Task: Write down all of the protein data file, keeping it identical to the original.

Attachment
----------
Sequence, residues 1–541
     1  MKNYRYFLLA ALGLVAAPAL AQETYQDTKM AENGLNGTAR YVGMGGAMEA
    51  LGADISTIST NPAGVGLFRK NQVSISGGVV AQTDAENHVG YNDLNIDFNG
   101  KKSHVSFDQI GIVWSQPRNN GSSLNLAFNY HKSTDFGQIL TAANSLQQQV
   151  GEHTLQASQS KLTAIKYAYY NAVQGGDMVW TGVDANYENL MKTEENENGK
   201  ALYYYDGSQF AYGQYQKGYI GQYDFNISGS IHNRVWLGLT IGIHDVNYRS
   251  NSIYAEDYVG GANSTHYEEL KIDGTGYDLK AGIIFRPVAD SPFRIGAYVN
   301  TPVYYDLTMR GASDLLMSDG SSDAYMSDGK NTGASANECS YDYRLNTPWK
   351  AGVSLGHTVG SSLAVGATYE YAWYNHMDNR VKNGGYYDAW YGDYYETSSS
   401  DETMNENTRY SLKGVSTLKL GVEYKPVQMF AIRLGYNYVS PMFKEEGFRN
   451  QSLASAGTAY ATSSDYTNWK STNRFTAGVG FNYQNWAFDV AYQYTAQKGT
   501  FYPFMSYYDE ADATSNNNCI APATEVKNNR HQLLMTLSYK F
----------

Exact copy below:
Sequence, residues 1–541
     1  MKNYRYFLLA ALGLVAAPAL AQETYQDTKM AENGLNGTAR YVGMGGAMEA
    51  LGADISTIST NPAGVGLFRK NQVSISGGVV AQTDAENHVG YNDLNIDFNG
   101  KKSHVSFDQI GIVWSQPRNN GSSLNLAFNY HKSTDFGQIL TAANSLQQQV
   151  GEHTLQASQS KLTAIKYAYY NAVQGGDMVW TGVDANYENL MKTEENENGK
   201  ALYYYDGSQF AYGQYQKGYI GQYDFNISGS IHNRVWLGLT IGIHDVNYRS
   251  NSIYAEDYVG GANSTHYEEL KIDGTGYDLK AGIIFRPVAD SPFRIGAYVN
   301  TPVYYDLTMR GASDLLMSDG SSDAYMSDGK NTGASANECS YDYRLNTPWK
   351  AGVSLGHTVG SSLAVGATYE YAWYNHMDNR VKNGGYYDAW YGDYYETSSS
   401  DETMNENTRY SLKGVSTLKL GVEYKPVQMF AIRLGYNYVS PMFKEEGFRN
   451  QSLASAGTAY ATSSDYTNWK STNRFTAGVG FNYQNWAFDV AYQYTAQKGT
   501  FYPFMSYYDE ADATSNNNCI APATEVKNNR HQLLMTLSYK F